Project spending no longer turbocharges economy
Cost pressures diminish economic boost from project spending
The UAE’s construction sector should be brimming with optimism as tendering starts for the construction of the next phase of Etihad Rail and prequalification opens for the estimated AED10bn ($2.7bn) substructure for Concourse 1 and the West Terminal at Al-Maktoum International airport.
While new projects are certainly positive news for construction companies, the impact of major new projects is not as significant as it used to be.
Over the past 15 years, the UAE has turbocharged its economy with a raft of major projects. In Dubai, that included work on the world’s busiest international airport, a metro system and sprawling real estate developments with offshore islands and the world’s tallest building. In Abu Dhabi, the work has encompassed oil and gas developments, a nuclear power plant, industrial zones and a port, and an upgrade to the airport.
With rising property prices and government coffers boosted by bumper oil revenues, project clients could afford to build the projects they planned and, crucially, could pay contractors to deliver them with a healthy margin.
That is not the case today. Property prices are falling and although oil prices have risen, they are still a long way way from the $100-plus prices a barrel charged before 2009 and between 2011 and 2014. The result is project budgets are strained and costs are under increasing pressure.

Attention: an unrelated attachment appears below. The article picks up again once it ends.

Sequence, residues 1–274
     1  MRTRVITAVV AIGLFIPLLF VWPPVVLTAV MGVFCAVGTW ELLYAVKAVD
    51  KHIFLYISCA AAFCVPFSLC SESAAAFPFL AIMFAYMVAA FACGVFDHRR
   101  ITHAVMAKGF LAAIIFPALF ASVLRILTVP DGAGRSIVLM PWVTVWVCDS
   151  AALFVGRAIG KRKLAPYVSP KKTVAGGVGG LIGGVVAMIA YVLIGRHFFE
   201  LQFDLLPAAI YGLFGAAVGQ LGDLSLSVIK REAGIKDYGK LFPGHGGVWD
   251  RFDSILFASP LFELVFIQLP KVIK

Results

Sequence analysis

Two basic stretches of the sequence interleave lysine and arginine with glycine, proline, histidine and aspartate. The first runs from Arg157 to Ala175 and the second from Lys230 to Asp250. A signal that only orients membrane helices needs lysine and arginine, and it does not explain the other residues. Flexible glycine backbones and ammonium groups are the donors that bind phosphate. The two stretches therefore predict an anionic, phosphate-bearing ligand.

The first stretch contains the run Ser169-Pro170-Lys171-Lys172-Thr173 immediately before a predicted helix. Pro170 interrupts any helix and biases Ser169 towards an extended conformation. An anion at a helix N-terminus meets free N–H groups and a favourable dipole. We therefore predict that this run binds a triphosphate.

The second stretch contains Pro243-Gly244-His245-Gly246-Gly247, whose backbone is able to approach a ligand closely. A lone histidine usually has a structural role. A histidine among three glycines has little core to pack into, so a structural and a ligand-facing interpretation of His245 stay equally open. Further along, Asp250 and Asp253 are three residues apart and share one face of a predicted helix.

Client bodies themselves have rationalised in an attempt to become leaner and more efficient organisations. The largest and best example is Abu Dhabi National Oil Company (Adnoc), which has restructured its organisation and merged operating companies it felt were duplicating each other’s efforts.
The consultants and contractors that these client bodies engage with are also feeling the squeeze. While clients may be content with the fact that they are securing competitive pricing for the delivery of their projects, there are broader economic implications, and they are being felt today in the UAE.
Tighter margins have meant that while companies are busy working on projects, in order to be profitable they are downsizing to control their costs. This means reducing headcount, freezing salaries and holding off on bonus payments that would have been paid in the past.
This phenomenon was highlighted in the August data from the Emirates NBD Purchasing Managers’ Index (PMI) for the UAE, which found that “margin pressures on firms mean that this growth in new work and output is not translating to job creation or higher wages”.
The gradual impact of this has been dampening demand in the broader economy as people employed either directly or indirectly by the construction sector tighten their belts and curb spending.
With oil prices not expected to return to the bumper days of more than $100 a barrel and a negative outlook for property prices, this is a problem for the UAE that is increasingly looking long-term.